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New World, Old Wines

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Friday, November 01, 2013


For the longest time, most serious wine drinkers adhered to the notion that California wines did not improve with age. These offerings were often exciting and much anticipated, but while everyone was tucking their first-growth Bordeaux into the farthest nooks of their cellars to peacefully wait out the decades, the best wines of California were relegated to the shelves designated for immediate consumption. Collectors might impress their guests by pouring a Harlan Estate today, but they cannily reserved the Château Latour for some far-off occasion.

This myth about the age-worthiness (or unworthiness, as it were) of wines from the Golden State persists, because the modern reputation of California was forged in the heady 1990s, when the triumph of the Cult Cabs inspired a kind of trickle-down hedonism that influenced the style of wines at all price points. The wines from this decadent decade were rich, luscious, and instantly gratifying, making the concept of an ideal drinking window for a mature bottle of wine seem antiquated. After all, why put off until tomorrow what can be drunk today?

Consumers, the American wine media, and even the vintners themselves are in part responsible for this attitude: All were so focused on chasing scores that they forgot entirely the classic standards on which the industry was largely founded. This mind-set, however, is now shifting. A recent string of chilly, difficult vintages in Northern California thwarted ripeness, imbuing the wines with more of an old-school character that prompted many of the producers to look to the past for guidance. At the same time, a new generation of winemakers, sommeliers, and consumers—many of whom were not even of legal drinking age in the 1990s—began to find inspiration in the wines of the 1960s, 1970s, and 1980s. These enthusiasts were drawn not only to the more restrained style of these wines but also to their prices: Vintage California wines can be enjoyed at peak maturity for a fraction of the cost of a comparably aged Bordeaux, Burgundy, or Barolo—or, for that matter, even a new Californian release.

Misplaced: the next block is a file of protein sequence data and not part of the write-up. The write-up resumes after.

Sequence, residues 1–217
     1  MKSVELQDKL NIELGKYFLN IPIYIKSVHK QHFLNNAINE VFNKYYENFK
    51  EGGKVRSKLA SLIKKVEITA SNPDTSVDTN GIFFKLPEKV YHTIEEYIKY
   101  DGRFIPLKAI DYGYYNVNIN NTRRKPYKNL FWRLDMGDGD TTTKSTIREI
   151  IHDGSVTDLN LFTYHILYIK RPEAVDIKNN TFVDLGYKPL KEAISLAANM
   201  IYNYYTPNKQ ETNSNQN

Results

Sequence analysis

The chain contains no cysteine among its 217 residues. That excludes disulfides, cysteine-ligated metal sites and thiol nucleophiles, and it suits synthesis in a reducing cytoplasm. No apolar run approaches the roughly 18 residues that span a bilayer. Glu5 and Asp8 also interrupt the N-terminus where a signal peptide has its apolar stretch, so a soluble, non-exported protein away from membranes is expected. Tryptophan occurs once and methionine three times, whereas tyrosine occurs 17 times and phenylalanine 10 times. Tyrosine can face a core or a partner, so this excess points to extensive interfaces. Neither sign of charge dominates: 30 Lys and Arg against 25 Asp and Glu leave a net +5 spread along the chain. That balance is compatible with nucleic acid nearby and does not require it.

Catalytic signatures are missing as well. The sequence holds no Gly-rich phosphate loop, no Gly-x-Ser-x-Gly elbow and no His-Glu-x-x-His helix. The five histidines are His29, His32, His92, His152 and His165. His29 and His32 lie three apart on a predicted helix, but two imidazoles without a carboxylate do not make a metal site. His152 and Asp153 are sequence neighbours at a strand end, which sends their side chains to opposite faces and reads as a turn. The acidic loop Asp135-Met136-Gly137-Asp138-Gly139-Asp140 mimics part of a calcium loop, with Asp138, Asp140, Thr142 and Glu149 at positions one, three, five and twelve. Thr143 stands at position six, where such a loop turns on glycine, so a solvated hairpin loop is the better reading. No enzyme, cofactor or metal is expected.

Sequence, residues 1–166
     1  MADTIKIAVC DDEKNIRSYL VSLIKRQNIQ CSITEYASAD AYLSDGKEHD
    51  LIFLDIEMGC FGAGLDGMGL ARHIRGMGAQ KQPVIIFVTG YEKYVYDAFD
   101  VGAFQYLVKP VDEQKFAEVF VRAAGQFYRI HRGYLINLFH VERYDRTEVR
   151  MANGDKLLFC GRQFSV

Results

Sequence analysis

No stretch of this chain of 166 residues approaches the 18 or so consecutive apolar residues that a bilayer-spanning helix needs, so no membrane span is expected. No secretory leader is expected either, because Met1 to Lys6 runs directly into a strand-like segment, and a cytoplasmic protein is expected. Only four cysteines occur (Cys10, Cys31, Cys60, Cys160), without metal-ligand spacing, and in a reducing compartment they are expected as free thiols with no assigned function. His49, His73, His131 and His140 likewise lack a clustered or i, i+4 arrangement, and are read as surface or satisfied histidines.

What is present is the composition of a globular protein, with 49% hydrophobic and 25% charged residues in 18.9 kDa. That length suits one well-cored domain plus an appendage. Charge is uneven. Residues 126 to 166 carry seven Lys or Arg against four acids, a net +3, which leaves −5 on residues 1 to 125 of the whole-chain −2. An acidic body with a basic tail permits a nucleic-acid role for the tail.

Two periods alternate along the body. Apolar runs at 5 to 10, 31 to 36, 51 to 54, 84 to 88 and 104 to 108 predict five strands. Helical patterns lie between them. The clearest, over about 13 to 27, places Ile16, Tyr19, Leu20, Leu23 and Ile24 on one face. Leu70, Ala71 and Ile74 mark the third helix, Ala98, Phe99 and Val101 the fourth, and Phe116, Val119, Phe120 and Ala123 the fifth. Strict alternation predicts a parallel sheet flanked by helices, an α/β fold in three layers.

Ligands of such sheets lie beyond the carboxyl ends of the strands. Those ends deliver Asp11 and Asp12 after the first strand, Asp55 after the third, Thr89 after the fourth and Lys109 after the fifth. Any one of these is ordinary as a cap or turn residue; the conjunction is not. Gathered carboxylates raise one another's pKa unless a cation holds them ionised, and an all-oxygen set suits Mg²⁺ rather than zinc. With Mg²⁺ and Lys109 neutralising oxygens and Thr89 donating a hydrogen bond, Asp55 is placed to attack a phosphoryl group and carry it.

Although treasures of the past abound throughout the many appellations of California—where, in decades past, greatness was sometimes achieved by accident rather than plan—the Napa Valley, with its well-structured Cabernet Sauvignons, offers the most reliable source of collectible, age-worthy wines. Anyone seeking to survey classic California viticulture need look no further than the following list to experience the very best of Napa's last five decades.

Colgin 1995 Cabernet Sauvignon Herb Lamb Vineyard

In the mid-1990s, Colgin was on top of the world. A string of successful vintages placed the budding cult label in the oenological spotlight, and all eyes were on the vintner Ann Colgin and her legendary winemaker Helen Turley. These two women were delighting collectors and critics with their intensely sumptuous Cabernets, and many considered their Herb Lamb bottling to be their crowning achievement.

The Herb Lamb Vineyard, planted in 1988, was just hitting its stride with the 1995 vintage. The tiny parcel is remote and surrounded by a thick forest. In order to avoid any shade cast by the trees, Turley worked only with the fruit from the very heart of the property, thereby ensuring maximum sun exposure. This was essential in a cool year such as 1995, whose protracted growing season resulted in the latest harvest of the vineyard's history. This wine was assuredly massive upon release, but now it is settling into a balance that is almost feline in its delicate precision. Earthy elements such as cedar, spent tobacco, and clove are just beginning to sidle around the edges of the wine, whose core remains pure red fruits and flowers.

Colgin regards the wine as a personal favorite and, during a recent tasting, found it remarkably youthful. She believes that it is a good omen for wines that, in the past, were criticized as perhaps "too delicious to age," and she calls the wine a "tribute to the greatness of Helen Turley and what she popularized: small lots of truly great, handcrafted wines." Colgin Cellars, www.colgincellars.com

 By Kelli White

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